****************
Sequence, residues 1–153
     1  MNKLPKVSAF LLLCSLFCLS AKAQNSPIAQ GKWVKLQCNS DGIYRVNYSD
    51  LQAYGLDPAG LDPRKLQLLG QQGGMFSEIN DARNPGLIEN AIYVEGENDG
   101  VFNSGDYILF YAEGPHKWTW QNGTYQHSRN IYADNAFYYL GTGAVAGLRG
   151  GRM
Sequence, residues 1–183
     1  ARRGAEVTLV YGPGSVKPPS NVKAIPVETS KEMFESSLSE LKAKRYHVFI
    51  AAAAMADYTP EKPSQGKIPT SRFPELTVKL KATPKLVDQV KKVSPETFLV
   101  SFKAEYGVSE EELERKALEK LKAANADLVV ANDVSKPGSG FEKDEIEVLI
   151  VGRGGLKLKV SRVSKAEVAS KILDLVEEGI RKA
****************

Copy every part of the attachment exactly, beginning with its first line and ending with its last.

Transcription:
Sequence, residues 1–153
     1  MNKLPKVSAF LLLCSLFCLS AKAQNSPIAQ GKWVKLQCNS DGIYRVNYSD
    51  LQAYGLDPAG LDPRKLQLLG QQGGMFSEIN DARNPGLIEN AIYVEGENDG
   101  VFNSGDYILF YAEGPHKWTW QNGTYQHSRN IYADNAFYYL GTGAVAGLRG
   151  GRM
Sequence, residues 1–183
     1  ARRGAEVTLV YGPGSVKPPS NVKAIPVETS KEMFESSLSE LKAKRYHVFI
    51  AAAAMADYTP EKPSQGKIPT SRFPELTVKL KATPKLVDQV KKVSPETFLV
   101  SFKAEYGVSE EELERKALEK LKAANADLVV ANDVSKPGSG FEKDEIEVLI
   151  VGRGGLKLKV SRVSKAEVAS KILDLVEEGI RKA